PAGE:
Please take in to consideration that you may have to navigate for a while on choppy waters to reach them. So if you suffer from sea sickness, take some good seasickness pills. We had 2 people on our trip who suffered a bit but were stoked when we arrived to the whale sharks. We sailed for 2 hours from Holbox to find them.

    There are many places to stay, beaches to chill out on, and tours to do. If you are going to stay, I highly recommend Marvin Suites for value for money. I have stayed there many times and seen Marvin and his family slowly develop their humble hotel. Real people, real service and they are always willing to offer you advice on where to go and what to do. Hotels on the beach are beautiful but, like in Tulum, you´ll be paying top dollar for the privilege.

    As for tours, I highly recommend Vip Holbox Experience. You can find cheaper ones but these are proper tour guides with years of experience and place marine life before anything else. Our conscientious captain, explained to us that many years ago, the locals would fish absolutely everything. With an abundance of marine life, fishermen became insatiable. He talked openly about the past and how he too, was involved as a young man. He explained how the community started to change. They became aware of the importance of the natural balance of the sea. By keeping it balanced, it was beneficial for all beings. The marine life thrived and the tourists came to observe them. Over-fishing evolved to tour guiding.


    On the way back from swimming with around 10 whale sharks we stopped by a small bay and swam with some green turtles. We were the only ones there and the turtles came right up close to have a good look at us and stayed for while! I had never seen such an abundance of marine life in all my travels.

    Holbox is also known for millions of bright little stars in the sea. Bioluminescent plankton are found here in one of the highest concentrations in Mexico. The water is level is at around knee level until about 20 metres from the shoreline. This allows these little glowing animals to accumulate in large numbers during the summer. Truly magical!


    For those interested in water sports such as Kiteboarding and Paddleboarding, Holbox is a paradise with it´s flat, warm waters and pumping winds during the season (Nov-June). Get in touch with Kukulkite for classes, rentals and information about kite spots and the wind forecast.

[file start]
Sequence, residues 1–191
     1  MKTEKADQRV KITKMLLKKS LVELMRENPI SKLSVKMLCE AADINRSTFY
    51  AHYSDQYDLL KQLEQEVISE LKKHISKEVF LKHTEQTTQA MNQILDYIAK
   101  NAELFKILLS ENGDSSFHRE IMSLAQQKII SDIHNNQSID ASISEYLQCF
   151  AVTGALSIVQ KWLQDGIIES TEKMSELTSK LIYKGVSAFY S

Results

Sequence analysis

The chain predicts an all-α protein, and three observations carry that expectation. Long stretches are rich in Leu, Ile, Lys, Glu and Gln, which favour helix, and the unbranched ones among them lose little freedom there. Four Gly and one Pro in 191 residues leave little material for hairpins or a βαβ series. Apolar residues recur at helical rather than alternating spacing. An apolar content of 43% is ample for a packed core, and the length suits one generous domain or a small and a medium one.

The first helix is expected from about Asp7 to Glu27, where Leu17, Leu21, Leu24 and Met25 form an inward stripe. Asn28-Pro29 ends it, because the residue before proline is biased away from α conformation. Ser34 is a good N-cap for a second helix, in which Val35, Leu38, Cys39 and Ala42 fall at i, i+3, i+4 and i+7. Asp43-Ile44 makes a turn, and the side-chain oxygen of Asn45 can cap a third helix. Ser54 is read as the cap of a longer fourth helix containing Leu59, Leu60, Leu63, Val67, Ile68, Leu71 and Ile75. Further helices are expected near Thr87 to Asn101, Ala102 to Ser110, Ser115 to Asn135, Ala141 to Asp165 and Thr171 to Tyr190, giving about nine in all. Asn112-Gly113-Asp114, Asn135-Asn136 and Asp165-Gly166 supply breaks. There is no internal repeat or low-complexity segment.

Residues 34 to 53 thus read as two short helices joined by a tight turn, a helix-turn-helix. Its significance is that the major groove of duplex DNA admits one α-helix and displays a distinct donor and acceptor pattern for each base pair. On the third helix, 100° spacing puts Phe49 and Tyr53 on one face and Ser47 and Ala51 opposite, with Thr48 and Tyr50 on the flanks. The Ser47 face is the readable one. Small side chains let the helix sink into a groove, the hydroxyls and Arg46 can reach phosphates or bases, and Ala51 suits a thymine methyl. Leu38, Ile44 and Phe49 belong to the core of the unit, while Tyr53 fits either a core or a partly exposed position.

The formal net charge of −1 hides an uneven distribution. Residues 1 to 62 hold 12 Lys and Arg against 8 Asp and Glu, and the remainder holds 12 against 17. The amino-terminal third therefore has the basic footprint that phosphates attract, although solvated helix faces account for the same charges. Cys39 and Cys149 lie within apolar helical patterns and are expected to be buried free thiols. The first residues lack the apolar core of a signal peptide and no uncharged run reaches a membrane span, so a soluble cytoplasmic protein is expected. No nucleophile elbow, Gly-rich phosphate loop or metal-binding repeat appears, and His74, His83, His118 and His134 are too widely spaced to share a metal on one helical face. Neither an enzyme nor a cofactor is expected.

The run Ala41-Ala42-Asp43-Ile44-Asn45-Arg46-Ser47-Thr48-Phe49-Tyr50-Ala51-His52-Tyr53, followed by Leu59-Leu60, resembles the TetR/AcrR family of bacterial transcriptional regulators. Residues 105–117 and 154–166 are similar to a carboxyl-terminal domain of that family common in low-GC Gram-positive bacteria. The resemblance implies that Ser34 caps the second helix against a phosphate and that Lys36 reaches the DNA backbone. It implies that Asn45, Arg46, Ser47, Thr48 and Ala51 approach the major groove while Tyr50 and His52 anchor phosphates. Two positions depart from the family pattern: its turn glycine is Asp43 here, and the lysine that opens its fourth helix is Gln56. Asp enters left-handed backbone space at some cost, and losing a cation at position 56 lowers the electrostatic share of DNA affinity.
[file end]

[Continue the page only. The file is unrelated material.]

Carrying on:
Holbox not so sargasso-free?

    We have some friends on the island who are always monitoring the beaches, currents and wind directions as they own a kitesurfing school.  So we asked them about how the sargasso has affected them this year. Sergio told us that very little sargasso has washed up on the beaches this season. And that during the “norte” season (Nov-March) large amounts sargasso wash up on the beaches. Which is interesting, as it´s the opposite of the coast facing the Caribbean Sea.

    Courtesy of Kukulkite Kiteboarding in Holbox


    5) Wildlife Observation

    So by now, you have climbed a pyramid while gazing across the jungle canopy. You have dived in to a cool cenote and had a taste of Xibalba. You have had a close encounter with the gentle giant whale sharks and you have traced the wake of the old pirates in Lake Bacalar. All without seeing a tuft of sargasso!

    Now it´s time to meet some more of the residents of the Peninsula.


    If you take a guided tour with an expert you can expect to observe an incredible variety of wildlife in their natural habitat. From toucans to flamingos, from fishing eagles to ocellated turkeys. From crocodiles to jaguars and from white tailed deer to spider monkeys.

    Get in touch with expert guides Eduardo at Natura Maya and Hugo at Your Green Guide for comprehensive experiences.

    Our top two spots are Punta Laguna (spider and howler monkey reserve) and Nojoch Keej (animal rescue sanctuary). They are both close to the archaeological site of Cobá and all can be visited in one day. For our RV/campervan folk, you can reserve a lakeside spot at Punta Laguna which has been a hit by campervanners so far!

    Don´t forget that this guide only scratches the surface!

    It is based on what we, our friends and clients love to do that is non-related to the Mexican Caribbean beaches.

    There is SO much more…

    …so ALWAYS keep scratching!








    No comment yet, add your voice below!

    Leave a Reply